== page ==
8 shillings taken for a performance of Hamlet by both the Lord Admiral's
and the Lord Chamberlain's men on 9 June 1594 at Newington Butts.
Dekker's Satiromastix (1601) has a character named Tucca assert, 'My
name's Hamlet revenge: thou hast seen it at Paris Garden, hast not?'  It
is thought that Chamberlain's played at the Swan in the autumn of 1596.
   So it seems that by 1596, someone's version of Hamlet had been played
by Shakespeare's company at Newington Butts, the Theatre and the Swan.

Harold Bloom (1999) wasted no time in arguing, after Peter Alexander,
that this lost Ur-Hamlet was Shakespeare's, and that Shakespeare
continued to revise it all the way through to the versions printed in
1604 and 1623.  Yet, we simply don't know who authored the text(s)
hinted at in these early allusions. Nashe's remark would suggest Kyd.
It might be worth adding one point: the anonymous play Locrine, written
probably in the 1580s, registered by Thomas Creede in 1594 and published
the following year, was advertised on its title page as 'Newly set
foorth, ouerseene and corrected, by W. S.'.   Locrine belongs among the
so-called 'Shakespeare Apocrypha' and has some affinities with King
Lear.   Yet it contains two ghosts, young Albanact who declaims
"Reuenge! Reuenge for blood!' (III.vi.41) and Corineius whose daughter
Guendoline reports that 'My father's  ghoast still haunts me for
reuenge, / Crying Reuenge my ouerhastned death' (V.iv.168-9).   Shortly
afterwards, the young woman Sabren drowns herself.  I don't suggest that
Locrine is any kind of 'source' for the Hamlets we more familiarly
associate with Shakespeare.  But if Shakespeare did 'oversee' Locrine,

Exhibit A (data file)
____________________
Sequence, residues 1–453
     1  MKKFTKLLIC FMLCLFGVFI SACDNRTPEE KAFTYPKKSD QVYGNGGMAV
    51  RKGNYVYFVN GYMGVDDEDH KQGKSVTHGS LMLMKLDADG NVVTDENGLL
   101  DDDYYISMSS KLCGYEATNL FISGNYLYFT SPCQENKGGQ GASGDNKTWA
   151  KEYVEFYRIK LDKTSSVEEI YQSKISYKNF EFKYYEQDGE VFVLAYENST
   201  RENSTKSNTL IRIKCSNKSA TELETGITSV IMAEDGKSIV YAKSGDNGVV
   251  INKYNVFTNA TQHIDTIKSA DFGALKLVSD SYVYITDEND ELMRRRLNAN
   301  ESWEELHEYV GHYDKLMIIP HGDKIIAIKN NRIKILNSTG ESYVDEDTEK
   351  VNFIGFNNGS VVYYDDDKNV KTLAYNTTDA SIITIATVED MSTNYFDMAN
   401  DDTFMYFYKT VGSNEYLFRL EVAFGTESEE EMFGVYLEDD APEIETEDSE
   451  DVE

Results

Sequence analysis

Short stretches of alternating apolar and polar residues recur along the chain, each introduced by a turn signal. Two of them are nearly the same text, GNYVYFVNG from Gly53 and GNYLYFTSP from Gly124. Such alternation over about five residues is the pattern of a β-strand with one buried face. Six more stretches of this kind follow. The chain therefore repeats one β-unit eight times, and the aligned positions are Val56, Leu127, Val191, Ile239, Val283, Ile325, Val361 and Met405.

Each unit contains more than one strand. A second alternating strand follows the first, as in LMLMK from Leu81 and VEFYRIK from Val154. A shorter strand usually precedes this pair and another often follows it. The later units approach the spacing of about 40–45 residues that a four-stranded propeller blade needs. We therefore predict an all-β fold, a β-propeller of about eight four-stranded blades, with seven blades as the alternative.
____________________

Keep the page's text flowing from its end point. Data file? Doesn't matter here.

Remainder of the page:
as some (not all) believe he did, then he was quite capable of
'overseeing' and eventually re-writing Kyd's, or anyone else's, Hamlet,
and then re-writing it again.  The title page of Q2 bears the following
statement: 'By William Shake-speare.  Newly imprinted and enlarged to
almost as much againe as it was, according to the true and perfect
Coppie.' The words 'as it was' in that statement are usually taken to
refer to Q1 (almost certainly a memorial reconstruction - hence the
phrase 'according to the true and perfect Coppie'), but could also
allude to an 'authorised' version by Shakespeare of similar length.
What, we might ask, did Shakespeare enlarge?  Clearly, not Q1 since it
wasn't really his.

Duncan Salkeld

[8]-------------------------------------------------------------
From:           Stephen C. Rose <
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Date:           Tuesday, 30 Nov 2004 16:50:12 -0800 (PST)
Subject: 15.2030 Real Hamlet
Comment:        Re: SHK 15.2030 Real Hamlet

Annalisa's statement "I can have any text I want" interests me because I
am presently doing some work with Nietszche and I feel it is almost
essential to know if texts are his or not. If I followed that rubric, I
could end up deciding that spurious texts published by N's sister
Elisabeth suited my purpose and join in tarring and feathering N. as a
precursor of Reich 3.

I am at pains to not only choose texts I want to use but to have some
scholarly indication that they came from his pen.

I can see the rubric in some situations but not in all.

Best, S

[9]-------------------------------------------------------------
From:           Colin Cox <
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Date:           Tuesday, 30 Nov 2004 20:09:45 -0800
Subject: 15.2030 Real Hamlet
Comment:        Re: SHK 15.2030 Real Hamlet

Bill Arnold writes:

 >So, can you NOT understand that not all readers and scholars see
 >Shakespeare as drama or a movie or a TV drama: but they do READ the
 >text[s] and there is a "real Hamlet" which a lot of actors and directors
 >BUTCHER, regardless of their type-casting, age, sex, whatever.

I would be mightily surprised if there are two readers of the text of
Hamlet that after a first read, without any prodding from profs such as
Bill, could ever agree upon a 'real' Hamlet. You have as much chance of
finding the 'real' Hamlet as putting an army of monkeys into a roomful
of typewriters, though I guess today it should be powerbooks, and
waiting for them to come up with War and Peace!!

Colin Cox